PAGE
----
Saturday 21 April 2018

Mum swung golf club at partner 'up to no good with her friend'

Audrey Lenihan swung a golf club at her partner
Audrey Lenihan swung a golf club at her partner

Andrew Phelan

A mother-of-three was arrested for waving a golf club at her partner in the street after she discovered he had been "off with her best friend and up to no good".

Audrey Lenihan (40) swung the club without meaning to hit her partner, but to show him "how angry she was", a court heard.

Judge Michael Walsh left her without a conviction after she had admitted a public order offence.

Ms Lenihan, with an address at Fort Ostman, Old Country Road, Crumlin, Dublin, pleaded guilty to using threatening, abusive and insulting words or behaviour with intent to cause a breach of the peace.

Dublin District Court heard that the incident happened at Crumlin Road on October 19 last year.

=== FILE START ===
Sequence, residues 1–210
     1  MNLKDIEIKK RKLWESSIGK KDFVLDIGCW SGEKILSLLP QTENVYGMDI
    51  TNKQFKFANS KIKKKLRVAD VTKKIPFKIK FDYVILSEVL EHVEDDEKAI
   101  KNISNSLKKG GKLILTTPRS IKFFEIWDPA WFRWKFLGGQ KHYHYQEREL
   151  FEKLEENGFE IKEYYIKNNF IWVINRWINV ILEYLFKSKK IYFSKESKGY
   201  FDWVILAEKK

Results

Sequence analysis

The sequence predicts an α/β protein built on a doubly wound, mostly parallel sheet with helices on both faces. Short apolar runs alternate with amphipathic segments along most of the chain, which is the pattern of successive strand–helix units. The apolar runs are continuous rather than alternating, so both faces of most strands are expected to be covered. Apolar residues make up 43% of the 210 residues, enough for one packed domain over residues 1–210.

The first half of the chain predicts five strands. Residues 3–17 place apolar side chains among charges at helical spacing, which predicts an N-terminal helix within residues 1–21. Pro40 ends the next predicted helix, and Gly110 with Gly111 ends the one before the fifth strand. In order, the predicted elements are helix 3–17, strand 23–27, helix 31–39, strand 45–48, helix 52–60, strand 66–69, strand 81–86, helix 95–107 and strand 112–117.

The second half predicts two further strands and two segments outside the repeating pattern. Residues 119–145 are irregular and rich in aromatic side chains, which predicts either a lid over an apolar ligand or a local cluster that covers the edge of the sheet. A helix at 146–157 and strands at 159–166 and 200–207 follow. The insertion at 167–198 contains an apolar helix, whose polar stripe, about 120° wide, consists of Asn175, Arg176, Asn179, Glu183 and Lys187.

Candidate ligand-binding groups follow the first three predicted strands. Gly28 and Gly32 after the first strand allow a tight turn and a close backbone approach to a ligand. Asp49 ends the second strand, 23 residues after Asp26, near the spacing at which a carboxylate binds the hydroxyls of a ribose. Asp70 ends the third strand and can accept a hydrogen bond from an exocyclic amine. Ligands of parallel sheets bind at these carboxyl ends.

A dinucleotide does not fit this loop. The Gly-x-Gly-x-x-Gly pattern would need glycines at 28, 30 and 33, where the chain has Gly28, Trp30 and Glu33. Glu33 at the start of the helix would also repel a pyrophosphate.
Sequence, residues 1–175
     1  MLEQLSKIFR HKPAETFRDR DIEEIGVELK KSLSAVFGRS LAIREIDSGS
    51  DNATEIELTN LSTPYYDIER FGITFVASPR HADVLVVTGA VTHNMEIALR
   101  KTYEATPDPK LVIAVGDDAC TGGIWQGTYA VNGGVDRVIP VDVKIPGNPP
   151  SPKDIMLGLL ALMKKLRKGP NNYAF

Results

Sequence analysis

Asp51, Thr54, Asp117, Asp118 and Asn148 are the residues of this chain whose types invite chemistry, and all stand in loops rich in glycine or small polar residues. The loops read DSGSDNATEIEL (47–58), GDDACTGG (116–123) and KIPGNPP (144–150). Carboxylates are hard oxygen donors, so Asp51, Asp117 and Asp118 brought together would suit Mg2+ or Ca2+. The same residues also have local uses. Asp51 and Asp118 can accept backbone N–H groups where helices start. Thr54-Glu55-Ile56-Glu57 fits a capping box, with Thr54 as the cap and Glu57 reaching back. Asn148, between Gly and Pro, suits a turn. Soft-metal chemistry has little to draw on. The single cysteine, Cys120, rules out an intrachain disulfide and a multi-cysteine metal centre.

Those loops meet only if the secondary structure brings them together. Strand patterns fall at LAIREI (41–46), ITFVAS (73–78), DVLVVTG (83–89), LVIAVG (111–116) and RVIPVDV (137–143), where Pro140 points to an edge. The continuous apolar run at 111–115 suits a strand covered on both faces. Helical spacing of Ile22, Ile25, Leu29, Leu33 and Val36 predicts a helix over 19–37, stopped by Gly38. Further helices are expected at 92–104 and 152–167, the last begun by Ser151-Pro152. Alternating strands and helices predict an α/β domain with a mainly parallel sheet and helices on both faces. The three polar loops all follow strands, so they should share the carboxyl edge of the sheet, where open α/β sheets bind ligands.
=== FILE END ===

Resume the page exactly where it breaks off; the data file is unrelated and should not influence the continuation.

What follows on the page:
Gardaí found the accused at 1.15am, screaming and shouting and waving a golf club at a man in an aggressive manner.

She was told to stop and failed to do so, a Garda sergeant said.

She was arrested at 1.20am under the Public Order Act and was brought to Crumlin garda station, where she was later charged.

In reply to the charge after caution, she said: "Sorry".

"Is she a golfer?" Judge Walsh asked.

Defence solicitor Anne Fitzgibbon replied that she was not.

Ms Fitzgibbon said that Ms Lenihan had been with her partner for 15 years.

On the night in question "he was off with her best friend and they were up to no good, if I can put it that way".

When the accused phoned her best friend, she was told he was not with her, but then they arrived together, Ms Fitzgibbon said.

Judge Walsh asked whether the accused had wanted to teach him a lesson.

"She didn't intend to hit him, she just wanted him to know how angry she was," Ms Fitzgibbon said.

Ms Lenihan was extremely apologetic and Ms Fitzgibbon asked Judge Walsh to be as lenient as he could.

The accused had no previous public order convictions.

Judge Walsh dismissed the charge under the Probation of Offenders Act, leaving the accused without a recorded conviction.

Irish Independent

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